Jump to section
Fun fact: the average human attention span is now shorter than a goldfish's. A recent study found that the average human attention span has fallen from 12 seconds in 2000 to eight seconds today.
But how can employees absorb information with such short attention spans?
For some, the solution is microlearning.
Microlearning is an organizational training method that delivers short bursts of on-demand content for learners to study at their convenience. By presenting information in bite-sized chunks, learners can retain information better.
Microlearning alone won't create a learning culture (and if your attention span truly is shorter than 8 seconds, you might want to work on your focus). But it can be an effective way to make sure people have the latest information they need and help people continuously up their game.
Let’s look at some microlearning examples and the many benefits of microlearning.
What is microlearning?
Microlearning is an educational and engaging way to learn new skills and information. All microlearning training shares the same core characteristics. Just enough information, at just the right time. In microlearning, brief is better.
Microlearning delivers short and memorable nuggets of content that learners can peruse at their leisure. The content should pack a punch without taking up hours of learners’ time. It is approachable and requires little investment from the learner.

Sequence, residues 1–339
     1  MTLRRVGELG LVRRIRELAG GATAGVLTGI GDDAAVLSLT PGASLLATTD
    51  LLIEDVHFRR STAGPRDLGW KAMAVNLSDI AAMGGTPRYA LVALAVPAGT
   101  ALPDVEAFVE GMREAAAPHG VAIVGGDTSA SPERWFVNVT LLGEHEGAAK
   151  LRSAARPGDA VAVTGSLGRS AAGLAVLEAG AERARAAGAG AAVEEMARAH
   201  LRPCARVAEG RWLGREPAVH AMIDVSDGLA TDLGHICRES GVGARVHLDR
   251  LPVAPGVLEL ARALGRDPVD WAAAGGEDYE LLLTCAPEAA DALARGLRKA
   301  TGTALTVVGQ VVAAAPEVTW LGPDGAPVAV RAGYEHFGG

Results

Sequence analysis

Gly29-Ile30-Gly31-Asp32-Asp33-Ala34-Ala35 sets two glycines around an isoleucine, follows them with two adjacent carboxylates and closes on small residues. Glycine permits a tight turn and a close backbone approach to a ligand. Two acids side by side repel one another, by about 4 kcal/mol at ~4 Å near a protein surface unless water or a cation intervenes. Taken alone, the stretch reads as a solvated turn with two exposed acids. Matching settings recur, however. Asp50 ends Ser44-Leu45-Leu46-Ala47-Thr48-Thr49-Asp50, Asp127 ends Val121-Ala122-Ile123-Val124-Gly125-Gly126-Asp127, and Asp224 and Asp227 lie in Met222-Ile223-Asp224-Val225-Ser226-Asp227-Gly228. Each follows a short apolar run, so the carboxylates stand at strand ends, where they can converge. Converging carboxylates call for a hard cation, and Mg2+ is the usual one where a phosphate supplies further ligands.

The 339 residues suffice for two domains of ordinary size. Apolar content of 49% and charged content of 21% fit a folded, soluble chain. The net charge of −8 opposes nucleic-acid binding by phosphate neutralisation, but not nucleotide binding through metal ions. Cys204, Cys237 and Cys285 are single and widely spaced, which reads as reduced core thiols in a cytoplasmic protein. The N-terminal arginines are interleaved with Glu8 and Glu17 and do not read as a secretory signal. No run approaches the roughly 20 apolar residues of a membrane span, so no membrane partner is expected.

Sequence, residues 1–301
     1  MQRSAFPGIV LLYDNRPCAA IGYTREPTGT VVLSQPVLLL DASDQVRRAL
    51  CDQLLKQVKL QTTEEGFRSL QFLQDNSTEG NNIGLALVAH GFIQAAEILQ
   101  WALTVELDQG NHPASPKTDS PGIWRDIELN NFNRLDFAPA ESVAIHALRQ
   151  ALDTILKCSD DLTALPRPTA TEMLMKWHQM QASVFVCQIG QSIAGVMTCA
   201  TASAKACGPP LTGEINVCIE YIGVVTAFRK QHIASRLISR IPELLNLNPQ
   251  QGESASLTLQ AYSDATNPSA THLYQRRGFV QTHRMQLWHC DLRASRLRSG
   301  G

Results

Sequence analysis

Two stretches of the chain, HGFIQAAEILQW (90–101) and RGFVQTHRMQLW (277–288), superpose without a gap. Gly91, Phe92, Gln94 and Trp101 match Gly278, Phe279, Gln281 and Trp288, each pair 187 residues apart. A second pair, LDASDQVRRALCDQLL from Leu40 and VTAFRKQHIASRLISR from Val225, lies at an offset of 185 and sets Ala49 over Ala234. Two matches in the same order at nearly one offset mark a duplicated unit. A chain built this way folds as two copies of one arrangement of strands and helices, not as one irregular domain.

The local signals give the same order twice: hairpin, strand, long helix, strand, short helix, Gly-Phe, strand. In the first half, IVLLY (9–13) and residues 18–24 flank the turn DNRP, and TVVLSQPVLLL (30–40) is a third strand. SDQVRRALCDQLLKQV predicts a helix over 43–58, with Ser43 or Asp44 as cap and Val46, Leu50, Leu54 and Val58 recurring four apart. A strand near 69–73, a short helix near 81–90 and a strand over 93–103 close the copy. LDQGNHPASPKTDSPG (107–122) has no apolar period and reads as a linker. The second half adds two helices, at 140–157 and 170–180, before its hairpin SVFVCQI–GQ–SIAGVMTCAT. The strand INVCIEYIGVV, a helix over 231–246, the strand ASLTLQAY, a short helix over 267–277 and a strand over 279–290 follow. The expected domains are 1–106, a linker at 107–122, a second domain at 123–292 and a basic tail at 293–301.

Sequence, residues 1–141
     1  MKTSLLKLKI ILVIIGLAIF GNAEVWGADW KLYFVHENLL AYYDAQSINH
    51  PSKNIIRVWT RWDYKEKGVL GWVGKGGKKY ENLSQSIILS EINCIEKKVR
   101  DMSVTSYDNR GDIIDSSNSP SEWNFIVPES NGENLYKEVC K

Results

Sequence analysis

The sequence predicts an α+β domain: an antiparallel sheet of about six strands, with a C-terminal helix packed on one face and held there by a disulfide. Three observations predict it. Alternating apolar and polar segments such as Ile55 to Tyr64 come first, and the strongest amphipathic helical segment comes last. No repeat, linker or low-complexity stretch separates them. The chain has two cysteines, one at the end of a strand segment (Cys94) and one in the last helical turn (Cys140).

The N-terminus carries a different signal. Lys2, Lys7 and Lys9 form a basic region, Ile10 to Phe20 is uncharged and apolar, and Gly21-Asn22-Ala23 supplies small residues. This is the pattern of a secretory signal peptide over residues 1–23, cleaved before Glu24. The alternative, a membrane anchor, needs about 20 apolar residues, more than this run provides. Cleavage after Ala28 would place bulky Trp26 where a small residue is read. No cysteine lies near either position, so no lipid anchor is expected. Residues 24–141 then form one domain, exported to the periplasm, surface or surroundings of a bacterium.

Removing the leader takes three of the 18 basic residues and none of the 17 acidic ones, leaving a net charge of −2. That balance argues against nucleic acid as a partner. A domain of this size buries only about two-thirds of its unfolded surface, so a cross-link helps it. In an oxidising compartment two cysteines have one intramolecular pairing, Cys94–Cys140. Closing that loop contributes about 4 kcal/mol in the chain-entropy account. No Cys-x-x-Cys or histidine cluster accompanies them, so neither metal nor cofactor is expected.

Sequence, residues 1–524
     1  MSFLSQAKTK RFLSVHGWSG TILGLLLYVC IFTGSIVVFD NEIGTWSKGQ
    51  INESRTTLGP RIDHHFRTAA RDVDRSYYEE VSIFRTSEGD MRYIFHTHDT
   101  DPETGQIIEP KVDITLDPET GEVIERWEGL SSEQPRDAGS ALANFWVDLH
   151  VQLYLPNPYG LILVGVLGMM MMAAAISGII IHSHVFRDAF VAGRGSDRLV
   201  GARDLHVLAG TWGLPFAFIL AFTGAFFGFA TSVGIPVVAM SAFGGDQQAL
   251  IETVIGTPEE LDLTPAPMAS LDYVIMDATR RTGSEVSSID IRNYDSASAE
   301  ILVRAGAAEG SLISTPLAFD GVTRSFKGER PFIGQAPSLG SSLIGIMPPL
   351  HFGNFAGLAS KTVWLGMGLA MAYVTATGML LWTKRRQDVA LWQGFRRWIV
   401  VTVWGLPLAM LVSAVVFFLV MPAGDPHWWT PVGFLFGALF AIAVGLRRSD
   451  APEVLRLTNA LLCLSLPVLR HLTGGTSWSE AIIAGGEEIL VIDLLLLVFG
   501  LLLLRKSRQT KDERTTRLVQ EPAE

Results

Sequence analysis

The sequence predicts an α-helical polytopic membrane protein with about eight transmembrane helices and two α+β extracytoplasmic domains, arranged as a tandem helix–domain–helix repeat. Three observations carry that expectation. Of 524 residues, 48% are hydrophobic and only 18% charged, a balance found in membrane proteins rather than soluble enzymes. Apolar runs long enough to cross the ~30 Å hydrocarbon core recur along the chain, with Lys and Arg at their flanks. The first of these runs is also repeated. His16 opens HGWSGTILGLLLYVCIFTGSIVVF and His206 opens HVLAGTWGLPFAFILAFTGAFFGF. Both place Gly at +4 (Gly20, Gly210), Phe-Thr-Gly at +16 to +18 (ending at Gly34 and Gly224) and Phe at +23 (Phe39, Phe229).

The content can take a variety of forms. Examples include standard text, images, videos, and audio to interactive media like quizzes, tests, and games.
Regardless of the platform, the key to this learning strategy is that modules always be short.
It’s less time-consuming, easier, and more cost-effective to produce. Plus, it’s widely considered more engaging and interesting than traditional eLearning.
Microlearning isn’t the optimal solution for every training requirement. But it is very effective when it comes to commercial and corporate training strategies.
Some examples of microlearning include learning new languages, learning how to code, or expanding your vocabulary by learning a new word each day.
4 principles of microlearning
Like any useful learning method, microlearning is based on a few fundamental principles. These set the foundation for how to structure your microlearning approach.
1. Microlearning is fast and short
The whole concept of microlearning centers around courses that are short in length and easy to access. Learners can complete a course with dozens of bite-sized units within an hour or two.
This allows learners to manage their time efficiently while getting all the information they need.
2. It focuses on one learning objective or outcome
Unlike complex courses, microlearning sessions have a single important takeaway. This takeaway is always made obvious to learners. Doing this helps learners become aware of their personal learning pathway.
Microlearning courses should always have a high point or apex. This should stick with learners long after they have completed their courses.
Focusing on a single learning outcome ensures that learners can learn as much as possible about a specific subject. This prevents them from becoming confused or distracted by other related concepts.
3. It uses different types of media
Microlearning courses use different media forms, which makes learning more engaging. They present concepts and information in interesting, relevant, and memorable ways.